The complete figure will solve all four issues, but this requires a lot more tweaking. The complete figure will consist of the main dumbbell figure and a gap figure.

Clean Dumbbell plot (left part)

A few additional data wrangling steps are necessary to complete the final figure:

df=raw %>% # raw is just the generated data
  # compute the gap
  mutate(gap=Rep-Dem) %>% 
  # find the maximum value by label
  group_by(labels) %>% 
  mutate(max=max(Dem, Rep)) %>% 
  ungroup() %>% 
  # sort the labels by gap value
  # note that its absolute value of gap
  mutate(labels=forcats::fct_reorder(labels, abs(gap)))  

# make into long format for easier plotting  
df_long=df %>% 

df_long %>% head()

The left hand side part of the final plot can then be built as follow:

# set a custom nudge value

df_long %>% 
  # the following 3 lines of code are the same
  ggplot(aes(x=value,y=labels)) +
  geom_line(aes(group=labels), color="#E7E7E7", linewidth=3.5) +
  geom_point(aes(color=name), size=3) +
  # but we want geom_text for the data callouts and the legend
  # data callout
  geom_text(aes(label=value, color=name),
              df_long$value==df_long$max, # if it's the larger value...
              nudge_value,   # move it to the right of the point
              -nudge_value), # otherwise, move it to the left of the point
              df_long$value==df_long$max, #if it's the larger value
              0, # left justify
              1),# otherwise, right justify      
  # legend
  geom_text(aes(label=name, color=name), 
            data=. %>% filter(gap==max(gap)),
            nudge_y =.5, 
  theme_minimal() +
  theme(legend.position = "none",
        axis.text.y = element_text(color="black"),
        axis.text.x = element_text(color="#989898"),
        axis.title = element_blank(),
        panel.grid = element_blank()
        ) +
  labs(x="%",y=NULL) +
  scale_color_manual(values=c("#436685", "#BF2F24")) +
  #extend the y-axis otherwise the legend is cut off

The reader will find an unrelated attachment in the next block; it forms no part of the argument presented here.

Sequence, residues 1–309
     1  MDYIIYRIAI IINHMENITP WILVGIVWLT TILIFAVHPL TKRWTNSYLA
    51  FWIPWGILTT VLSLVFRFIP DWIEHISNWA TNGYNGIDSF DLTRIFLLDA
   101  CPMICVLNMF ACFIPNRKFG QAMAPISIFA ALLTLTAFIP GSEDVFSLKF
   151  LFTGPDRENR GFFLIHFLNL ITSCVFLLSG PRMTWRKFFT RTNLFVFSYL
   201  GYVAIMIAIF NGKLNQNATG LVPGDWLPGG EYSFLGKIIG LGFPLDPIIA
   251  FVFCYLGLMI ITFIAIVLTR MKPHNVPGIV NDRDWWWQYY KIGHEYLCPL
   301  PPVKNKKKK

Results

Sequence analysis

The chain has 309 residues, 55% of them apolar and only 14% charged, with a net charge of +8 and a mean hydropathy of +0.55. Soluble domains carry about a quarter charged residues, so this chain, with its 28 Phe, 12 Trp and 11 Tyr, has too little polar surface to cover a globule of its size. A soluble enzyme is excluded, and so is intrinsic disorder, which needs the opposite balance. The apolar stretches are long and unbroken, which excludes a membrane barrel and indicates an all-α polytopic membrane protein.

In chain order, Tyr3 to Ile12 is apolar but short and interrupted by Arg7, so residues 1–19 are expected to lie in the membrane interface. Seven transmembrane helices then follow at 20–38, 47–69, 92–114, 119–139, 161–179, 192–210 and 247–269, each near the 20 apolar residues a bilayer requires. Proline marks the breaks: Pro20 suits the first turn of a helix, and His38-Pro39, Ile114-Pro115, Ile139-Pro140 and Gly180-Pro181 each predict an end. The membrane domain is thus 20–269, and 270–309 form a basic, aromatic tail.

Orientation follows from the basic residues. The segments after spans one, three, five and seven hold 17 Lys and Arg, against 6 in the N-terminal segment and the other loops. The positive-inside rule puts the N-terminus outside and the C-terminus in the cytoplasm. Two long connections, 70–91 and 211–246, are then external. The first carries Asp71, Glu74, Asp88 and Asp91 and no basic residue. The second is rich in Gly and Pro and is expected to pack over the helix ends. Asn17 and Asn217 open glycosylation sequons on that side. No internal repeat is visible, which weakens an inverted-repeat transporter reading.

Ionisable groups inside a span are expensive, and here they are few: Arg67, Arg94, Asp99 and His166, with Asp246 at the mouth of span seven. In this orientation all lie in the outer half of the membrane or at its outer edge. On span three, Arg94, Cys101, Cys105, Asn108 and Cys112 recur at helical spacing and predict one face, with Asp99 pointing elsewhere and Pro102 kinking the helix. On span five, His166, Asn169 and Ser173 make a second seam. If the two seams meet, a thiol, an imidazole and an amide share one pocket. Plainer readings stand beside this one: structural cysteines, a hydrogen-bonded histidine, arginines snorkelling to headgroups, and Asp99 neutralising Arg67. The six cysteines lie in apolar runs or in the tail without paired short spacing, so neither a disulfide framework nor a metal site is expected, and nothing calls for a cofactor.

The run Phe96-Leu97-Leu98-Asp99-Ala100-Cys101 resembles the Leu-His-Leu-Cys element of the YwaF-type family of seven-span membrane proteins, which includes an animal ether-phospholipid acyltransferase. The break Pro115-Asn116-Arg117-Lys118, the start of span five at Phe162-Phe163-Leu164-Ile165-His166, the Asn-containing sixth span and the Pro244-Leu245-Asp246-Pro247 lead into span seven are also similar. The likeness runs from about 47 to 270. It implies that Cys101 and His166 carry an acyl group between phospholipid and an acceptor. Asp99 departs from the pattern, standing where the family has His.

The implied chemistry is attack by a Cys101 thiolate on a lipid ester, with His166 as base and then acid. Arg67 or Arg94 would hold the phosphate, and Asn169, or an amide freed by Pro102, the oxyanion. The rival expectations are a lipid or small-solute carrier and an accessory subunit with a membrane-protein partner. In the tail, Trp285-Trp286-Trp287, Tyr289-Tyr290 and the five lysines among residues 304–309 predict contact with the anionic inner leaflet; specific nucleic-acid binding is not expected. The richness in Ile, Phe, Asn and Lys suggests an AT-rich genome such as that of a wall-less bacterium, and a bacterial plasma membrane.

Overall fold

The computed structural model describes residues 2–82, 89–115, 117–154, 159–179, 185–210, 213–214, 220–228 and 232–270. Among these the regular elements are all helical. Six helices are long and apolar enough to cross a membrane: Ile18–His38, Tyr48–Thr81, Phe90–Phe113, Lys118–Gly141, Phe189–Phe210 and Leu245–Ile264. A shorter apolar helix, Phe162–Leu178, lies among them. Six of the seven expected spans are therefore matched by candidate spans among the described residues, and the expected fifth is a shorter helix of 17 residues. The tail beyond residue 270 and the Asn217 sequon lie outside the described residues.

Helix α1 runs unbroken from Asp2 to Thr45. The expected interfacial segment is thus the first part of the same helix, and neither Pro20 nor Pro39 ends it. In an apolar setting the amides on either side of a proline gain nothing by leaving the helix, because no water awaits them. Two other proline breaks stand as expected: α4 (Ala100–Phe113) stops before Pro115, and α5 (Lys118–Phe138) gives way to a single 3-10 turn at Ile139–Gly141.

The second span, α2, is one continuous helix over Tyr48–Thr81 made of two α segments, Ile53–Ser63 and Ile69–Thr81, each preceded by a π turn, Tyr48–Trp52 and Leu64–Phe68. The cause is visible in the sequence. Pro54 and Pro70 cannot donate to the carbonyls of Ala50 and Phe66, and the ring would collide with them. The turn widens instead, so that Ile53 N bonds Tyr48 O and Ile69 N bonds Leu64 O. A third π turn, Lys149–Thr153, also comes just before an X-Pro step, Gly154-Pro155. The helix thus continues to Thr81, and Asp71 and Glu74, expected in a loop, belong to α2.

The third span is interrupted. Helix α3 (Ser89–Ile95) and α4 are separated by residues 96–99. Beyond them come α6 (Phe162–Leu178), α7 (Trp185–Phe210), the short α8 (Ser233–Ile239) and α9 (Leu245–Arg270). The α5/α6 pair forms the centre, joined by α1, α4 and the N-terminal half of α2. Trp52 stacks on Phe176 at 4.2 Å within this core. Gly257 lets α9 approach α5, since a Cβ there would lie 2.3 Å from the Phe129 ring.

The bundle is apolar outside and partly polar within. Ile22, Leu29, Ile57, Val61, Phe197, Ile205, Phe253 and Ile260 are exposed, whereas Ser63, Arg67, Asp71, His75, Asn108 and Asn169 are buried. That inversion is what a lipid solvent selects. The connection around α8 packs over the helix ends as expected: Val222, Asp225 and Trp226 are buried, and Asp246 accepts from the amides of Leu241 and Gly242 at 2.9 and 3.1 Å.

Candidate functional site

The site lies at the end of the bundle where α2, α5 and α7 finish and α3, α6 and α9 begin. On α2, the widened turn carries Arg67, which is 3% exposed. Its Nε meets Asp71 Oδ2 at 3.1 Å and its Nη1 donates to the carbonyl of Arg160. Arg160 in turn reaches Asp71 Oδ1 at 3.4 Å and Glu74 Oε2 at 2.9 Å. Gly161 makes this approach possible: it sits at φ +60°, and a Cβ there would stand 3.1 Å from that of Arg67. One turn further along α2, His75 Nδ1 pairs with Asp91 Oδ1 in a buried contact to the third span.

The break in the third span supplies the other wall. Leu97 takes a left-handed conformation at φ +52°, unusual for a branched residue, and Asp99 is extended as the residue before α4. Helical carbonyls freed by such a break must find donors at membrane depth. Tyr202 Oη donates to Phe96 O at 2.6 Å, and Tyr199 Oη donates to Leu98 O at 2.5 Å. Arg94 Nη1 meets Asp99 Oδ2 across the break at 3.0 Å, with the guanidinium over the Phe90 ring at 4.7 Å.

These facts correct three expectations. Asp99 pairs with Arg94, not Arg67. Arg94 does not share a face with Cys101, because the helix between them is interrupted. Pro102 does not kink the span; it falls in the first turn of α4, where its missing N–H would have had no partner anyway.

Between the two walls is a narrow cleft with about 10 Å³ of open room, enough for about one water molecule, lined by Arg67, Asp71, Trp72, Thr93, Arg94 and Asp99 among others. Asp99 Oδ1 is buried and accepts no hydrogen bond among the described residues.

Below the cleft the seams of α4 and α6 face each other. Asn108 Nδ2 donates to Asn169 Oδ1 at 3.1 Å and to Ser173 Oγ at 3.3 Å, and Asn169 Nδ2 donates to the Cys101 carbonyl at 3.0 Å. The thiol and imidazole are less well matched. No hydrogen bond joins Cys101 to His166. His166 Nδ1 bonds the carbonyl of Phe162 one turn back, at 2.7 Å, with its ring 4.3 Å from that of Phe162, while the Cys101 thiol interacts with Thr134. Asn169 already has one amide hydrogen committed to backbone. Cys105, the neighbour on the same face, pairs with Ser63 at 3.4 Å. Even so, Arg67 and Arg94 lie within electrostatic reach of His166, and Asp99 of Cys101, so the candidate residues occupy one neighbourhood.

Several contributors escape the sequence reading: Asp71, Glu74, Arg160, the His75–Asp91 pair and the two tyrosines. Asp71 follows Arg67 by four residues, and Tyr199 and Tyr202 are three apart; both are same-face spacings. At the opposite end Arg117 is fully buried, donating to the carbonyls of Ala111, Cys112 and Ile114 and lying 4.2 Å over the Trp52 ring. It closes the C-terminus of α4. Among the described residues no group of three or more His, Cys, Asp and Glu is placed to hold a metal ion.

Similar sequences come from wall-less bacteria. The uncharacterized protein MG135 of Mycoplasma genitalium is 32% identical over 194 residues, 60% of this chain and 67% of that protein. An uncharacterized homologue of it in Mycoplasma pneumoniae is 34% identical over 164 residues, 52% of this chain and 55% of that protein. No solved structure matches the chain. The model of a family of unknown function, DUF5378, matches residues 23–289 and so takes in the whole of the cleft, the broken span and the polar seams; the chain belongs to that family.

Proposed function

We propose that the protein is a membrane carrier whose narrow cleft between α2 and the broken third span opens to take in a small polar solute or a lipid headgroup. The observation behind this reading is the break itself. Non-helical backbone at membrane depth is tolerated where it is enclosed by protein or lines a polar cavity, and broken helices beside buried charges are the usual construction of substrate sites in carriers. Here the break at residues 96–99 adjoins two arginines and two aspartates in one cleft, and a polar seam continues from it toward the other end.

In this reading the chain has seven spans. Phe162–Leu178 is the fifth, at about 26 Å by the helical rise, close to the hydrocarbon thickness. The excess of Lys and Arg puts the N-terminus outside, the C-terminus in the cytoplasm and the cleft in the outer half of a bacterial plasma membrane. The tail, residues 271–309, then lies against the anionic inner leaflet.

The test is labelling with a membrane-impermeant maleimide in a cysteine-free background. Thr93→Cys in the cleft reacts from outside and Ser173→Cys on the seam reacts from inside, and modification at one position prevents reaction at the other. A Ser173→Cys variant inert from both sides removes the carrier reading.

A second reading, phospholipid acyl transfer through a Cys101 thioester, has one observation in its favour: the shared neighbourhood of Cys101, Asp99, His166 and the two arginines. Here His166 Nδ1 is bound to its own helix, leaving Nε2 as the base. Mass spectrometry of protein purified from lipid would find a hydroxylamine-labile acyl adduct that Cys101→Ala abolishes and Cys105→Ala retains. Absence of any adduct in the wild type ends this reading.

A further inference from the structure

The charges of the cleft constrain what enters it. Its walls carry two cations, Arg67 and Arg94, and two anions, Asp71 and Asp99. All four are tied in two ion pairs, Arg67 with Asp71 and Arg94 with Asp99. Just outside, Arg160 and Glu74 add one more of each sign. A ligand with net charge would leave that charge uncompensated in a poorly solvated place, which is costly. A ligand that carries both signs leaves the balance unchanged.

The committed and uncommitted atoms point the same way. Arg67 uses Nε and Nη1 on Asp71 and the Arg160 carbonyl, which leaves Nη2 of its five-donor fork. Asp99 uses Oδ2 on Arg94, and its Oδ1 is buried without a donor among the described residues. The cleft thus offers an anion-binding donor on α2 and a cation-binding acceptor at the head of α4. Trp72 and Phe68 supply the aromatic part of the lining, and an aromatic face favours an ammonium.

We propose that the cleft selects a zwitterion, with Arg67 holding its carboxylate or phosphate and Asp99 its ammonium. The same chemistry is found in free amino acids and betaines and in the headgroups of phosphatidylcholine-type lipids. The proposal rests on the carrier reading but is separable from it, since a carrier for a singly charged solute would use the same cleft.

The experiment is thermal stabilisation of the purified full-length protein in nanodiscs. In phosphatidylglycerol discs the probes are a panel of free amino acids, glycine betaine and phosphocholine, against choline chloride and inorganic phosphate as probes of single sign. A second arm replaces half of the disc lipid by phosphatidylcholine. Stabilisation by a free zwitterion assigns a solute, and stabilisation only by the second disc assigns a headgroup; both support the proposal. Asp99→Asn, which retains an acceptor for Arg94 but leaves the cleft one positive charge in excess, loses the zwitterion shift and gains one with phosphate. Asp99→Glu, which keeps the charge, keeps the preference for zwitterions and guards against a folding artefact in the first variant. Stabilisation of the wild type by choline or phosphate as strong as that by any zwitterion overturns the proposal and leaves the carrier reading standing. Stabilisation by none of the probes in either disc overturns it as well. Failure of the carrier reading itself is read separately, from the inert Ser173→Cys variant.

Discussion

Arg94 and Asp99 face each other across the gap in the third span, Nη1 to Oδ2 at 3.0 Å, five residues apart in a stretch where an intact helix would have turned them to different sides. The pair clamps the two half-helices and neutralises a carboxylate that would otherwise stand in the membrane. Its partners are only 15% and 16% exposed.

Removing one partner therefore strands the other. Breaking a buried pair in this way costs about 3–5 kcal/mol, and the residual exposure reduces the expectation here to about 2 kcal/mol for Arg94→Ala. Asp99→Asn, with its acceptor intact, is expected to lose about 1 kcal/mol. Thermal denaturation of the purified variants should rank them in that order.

coord_cartesian(ylim=c(1, 7.5)) +
  #display percentages with % appended
  scale_x_continuous(labels = scales::percent_format(scale = 1)) 


Gap section (right part)

The Gap figure on the right hand side must be created too. Pew formats the gap values in a particular way:

  1. Colors by party

  2. Adds “+” to the beginning of the gap value if positive

  3. Adds “R” or “D” to the end of the gap value

Let’s do that!

df %>%  # note i am using df and not df_long
    label=fct_reorder(labels, abs(gap)), #order label by descending gaps
    # we need a column for the party with the max value
    # format gap values
      paste0("+", abs(gap), gap_party_max) %>% 
      fct_inorder() #turns into factor to bake in the order


And then the plot:

  df_gap %>% 
  ggplot(aes(x=gap,y=labels)) +
  geom_text(aes(x=0, label=gap_label, color=gap_party_max),
            size=3.25) +
  geom_text(aes(x=0, y=7), # 7 because that's the # of y-axis values
            nudge_y =.5, # match the nudge value of the main plot legend    
            size=3.25) +
  theme_void() +
  coord_cartesian(xlim = c(-.05, 0.05), 
                  ylim=c(1,7.5) # needs to match main plot
    plot.margin = margin(l=0, r=0, b=0, t=0), #otherwise it adds too much space
    panel.background = element_rect(fill="#EFEFE3", color="#EFEFE3"),
    legend.position = "none"
  scale_color_manual(values=c("#436685", "#BF2F24"))


Combine figures

Use the package patchwork to put together your final figure. You’ll need to play around with plot_layout() a bit to get your figures to fit together how you want.

  # syntax from `patchwork`
  p_main + p_gap + plot_layout(design=
    area(l=0,  r=45, t=0, b=1), # defines the main figure area
    area(l=46, r=52, t=0, b=1)  # defines the gap figure area


The End

And there it is! To summarize: making the basic figure is quite easy, but adding all the little extras to make it more readable takes a lot more tweaking.

Some final notes:

Thank you for reading! I hope you had as much fun following along as I did making this! – Fred Duong

Related chart types

Spider / Radar
Circular Barplot


This document is a work by Yan Holtz. Any feedback is highly encouraged. You can fill an issue on Github, drop me a message on Twitter, or send an email pasting yan.holtz.data with gmail.com.